Getting off the plane from Phoenix on Friday morning it seemed as if we entered a different world. The morning was cool and wet rather than the hot and dry weather we had become used to over the prior week. But the most remarkable thing about our return was the transformation of the landscape. Prior to our leaving, there had been a good amount of rain and our departure was timed with a heat spell that put our local temps in the 80s. I had thought that the leaves would begin to pop and a few flowers would begin to emerge in our absence.
I was wrong. We went from winter to summer.
When we left, there were a few buds on the trees. The forsythia had a good amount of yellow flowers and the daffodills had just started to make a show. The grass in my yard was mostly brown with a few stubborn shoots of green and the dandelion leaves started to become obvious.
When we arrived at home, the grass was fully green, the lawn thick in need of cutting. The tulips were in full bloom and the daffodils were spent. Garlic mustard went from tiny little rosettes to bolted beauties ready to be pollinated. The redbud and crabapple trees were in full flower as were the quince bushes with large garish red blooms. Rather than take a nap, I started to work in the yard as it was supposed to rain over the weekend, which would further put me behind in taming an unruly yard. An anticipated rest turned into an afternoon of gardening.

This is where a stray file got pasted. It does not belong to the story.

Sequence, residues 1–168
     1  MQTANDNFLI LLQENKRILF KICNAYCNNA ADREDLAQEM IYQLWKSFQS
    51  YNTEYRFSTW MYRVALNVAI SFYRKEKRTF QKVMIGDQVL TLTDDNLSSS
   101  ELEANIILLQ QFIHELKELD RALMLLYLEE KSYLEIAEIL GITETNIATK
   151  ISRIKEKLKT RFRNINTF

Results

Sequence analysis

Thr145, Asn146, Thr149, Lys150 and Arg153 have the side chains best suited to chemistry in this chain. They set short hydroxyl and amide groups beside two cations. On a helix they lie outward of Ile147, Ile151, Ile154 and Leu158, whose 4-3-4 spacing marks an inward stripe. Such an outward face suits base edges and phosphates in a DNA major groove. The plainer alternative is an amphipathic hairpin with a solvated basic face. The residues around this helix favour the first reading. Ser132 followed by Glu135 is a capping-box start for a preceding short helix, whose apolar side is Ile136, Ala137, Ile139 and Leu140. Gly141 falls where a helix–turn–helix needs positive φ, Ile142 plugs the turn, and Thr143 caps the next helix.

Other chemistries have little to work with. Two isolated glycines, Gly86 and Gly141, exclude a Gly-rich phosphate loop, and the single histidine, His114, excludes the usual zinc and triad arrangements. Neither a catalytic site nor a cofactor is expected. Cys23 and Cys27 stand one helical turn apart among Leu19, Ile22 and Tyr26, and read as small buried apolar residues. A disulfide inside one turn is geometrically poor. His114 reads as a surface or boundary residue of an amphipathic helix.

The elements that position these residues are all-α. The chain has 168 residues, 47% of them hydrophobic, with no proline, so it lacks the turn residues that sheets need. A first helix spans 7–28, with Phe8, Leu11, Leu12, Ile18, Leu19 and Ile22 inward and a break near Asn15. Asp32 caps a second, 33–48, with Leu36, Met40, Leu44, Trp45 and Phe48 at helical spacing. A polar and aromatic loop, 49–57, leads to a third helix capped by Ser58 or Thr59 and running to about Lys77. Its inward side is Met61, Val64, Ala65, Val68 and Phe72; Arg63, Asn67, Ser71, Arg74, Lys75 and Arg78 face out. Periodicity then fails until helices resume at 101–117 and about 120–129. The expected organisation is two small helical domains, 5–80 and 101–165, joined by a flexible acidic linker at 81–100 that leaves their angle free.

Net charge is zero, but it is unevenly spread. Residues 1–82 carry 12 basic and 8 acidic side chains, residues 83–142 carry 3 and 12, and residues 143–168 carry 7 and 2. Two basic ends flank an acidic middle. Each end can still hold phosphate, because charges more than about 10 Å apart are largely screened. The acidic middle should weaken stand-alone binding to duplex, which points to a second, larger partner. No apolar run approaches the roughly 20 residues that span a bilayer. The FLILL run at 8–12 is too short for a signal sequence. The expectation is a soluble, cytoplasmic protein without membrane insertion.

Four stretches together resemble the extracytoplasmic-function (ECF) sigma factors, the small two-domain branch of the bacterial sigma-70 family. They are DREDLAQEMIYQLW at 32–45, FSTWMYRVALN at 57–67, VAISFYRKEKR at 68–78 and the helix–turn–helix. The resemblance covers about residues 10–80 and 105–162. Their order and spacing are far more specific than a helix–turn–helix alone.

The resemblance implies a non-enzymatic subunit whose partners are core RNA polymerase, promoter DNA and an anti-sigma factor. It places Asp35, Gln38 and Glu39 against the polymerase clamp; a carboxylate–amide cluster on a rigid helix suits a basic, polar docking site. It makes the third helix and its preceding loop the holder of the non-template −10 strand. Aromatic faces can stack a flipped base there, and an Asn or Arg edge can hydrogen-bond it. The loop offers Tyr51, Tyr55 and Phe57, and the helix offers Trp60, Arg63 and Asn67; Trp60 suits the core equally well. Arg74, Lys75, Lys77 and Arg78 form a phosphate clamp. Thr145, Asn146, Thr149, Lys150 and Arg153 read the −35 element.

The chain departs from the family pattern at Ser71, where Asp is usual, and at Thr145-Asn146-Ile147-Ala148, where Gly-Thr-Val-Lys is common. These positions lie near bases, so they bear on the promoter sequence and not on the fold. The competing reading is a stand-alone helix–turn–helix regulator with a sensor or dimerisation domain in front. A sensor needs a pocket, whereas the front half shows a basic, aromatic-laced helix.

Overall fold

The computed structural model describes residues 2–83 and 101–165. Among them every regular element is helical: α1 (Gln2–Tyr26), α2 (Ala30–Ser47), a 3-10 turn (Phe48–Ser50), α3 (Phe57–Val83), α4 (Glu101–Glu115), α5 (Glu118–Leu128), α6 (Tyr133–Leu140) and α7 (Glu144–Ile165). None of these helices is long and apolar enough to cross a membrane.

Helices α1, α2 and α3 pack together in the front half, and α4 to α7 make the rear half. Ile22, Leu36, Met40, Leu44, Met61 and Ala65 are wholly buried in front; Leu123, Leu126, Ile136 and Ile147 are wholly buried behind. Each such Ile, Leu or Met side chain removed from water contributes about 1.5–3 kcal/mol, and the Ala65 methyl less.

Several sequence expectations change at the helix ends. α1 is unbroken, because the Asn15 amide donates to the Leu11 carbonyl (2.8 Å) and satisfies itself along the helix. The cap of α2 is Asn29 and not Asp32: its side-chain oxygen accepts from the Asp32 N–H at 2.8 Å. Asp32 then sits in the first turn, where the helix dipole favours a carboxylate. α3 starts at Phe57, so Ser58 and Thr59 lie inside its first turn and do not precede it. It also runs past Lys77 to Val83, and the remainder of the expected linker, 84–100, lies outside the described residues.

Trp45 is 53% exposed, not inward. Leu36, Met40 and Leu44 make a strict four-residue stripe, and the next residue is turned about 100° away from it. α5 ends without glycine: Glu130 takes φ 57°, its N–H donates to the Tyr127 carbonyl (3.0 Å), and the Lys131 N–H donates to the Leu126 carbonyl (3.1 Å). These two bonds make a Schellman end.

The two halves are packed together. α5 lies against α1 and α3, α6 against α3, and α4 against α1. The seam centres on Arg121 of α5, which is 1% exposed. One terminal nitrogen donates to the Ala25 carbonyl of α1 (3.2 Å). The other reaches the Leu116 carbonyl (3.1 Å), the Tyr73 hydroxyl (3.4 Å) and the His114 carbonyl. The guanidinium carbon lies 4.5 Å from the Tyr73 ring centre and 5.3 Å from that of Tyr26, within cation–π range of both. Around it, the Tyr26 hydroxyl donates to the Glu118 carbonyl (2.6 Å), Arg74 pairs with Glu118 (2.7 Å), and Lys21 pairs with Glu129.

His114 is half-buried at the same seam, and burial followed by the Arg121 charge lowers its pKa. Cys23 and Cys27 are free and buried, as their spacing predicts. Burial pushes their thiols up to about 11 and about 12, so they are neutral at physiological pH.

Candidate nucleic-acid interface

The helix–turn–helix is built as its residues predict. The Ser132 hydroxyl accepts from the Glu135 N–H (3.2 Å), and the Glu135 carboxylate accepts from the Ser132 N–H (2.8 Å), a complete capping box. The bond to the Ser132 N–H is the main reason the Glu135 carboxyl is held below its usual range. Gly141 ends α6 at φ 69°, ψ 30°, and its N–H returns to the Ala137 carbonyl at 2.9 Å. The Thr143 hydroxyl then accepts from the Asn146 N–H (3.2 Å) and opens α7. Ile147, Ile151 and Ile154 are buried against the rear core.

The first cut of the year is always easy as only a few tuffs of grass have sprouted high. The mower bumps along the lawn, careening over the uneven yard. Baby shoots from seeds that had been broadcasted a few weeks prior emerge between the space-filling straw-colored thatch. I set the blades high so they do not cut the violets that are flowering. I navigate around the swamp marigolds, leaving their mounds to flower later in the month. The wild strawberries hug the soil, below the blades. The unruly ground is now trim and even.
The paths and gardens need much weeding as escapee ferns, flowers, bulbs have intruded. They are pulled and transplanted without quarter as a line must be drawn early in the season before they grab territory as would an invading hoard. Garlic mustard has taken its place in some of the beds, but as it has bolted and the soil is moist, it is easy to pull. In less than an hour, a 30-gallon garbage can is full.
As many plants have emerged from their slumber, others are not so fortunate. Many of the lavenders fronting the yard did not make it through the winter, their death a combination of poor soil and undulating winter temperatures. The beautyberry and butterfly bushes also fared poorly though I see a few tiny buds emerging from their respective root stocks giving me hope that new shoots will take the place of dead ones in the coming months.
The bleeding hearts have exploded with flowers: ten days ago they were just emerging from the soil. And the clear view on our north-facing hill is now blocked with oak, maple, birch and ash leaves. The raspberries and blackberries have started to green out and the blueberry bushes are covered with white flowers and the flies that pollinate them. The asparagus and rhubarb are ready for a first harvest as are the garden greens. Charlotte has already sampled the sorrel. Spring has arrived.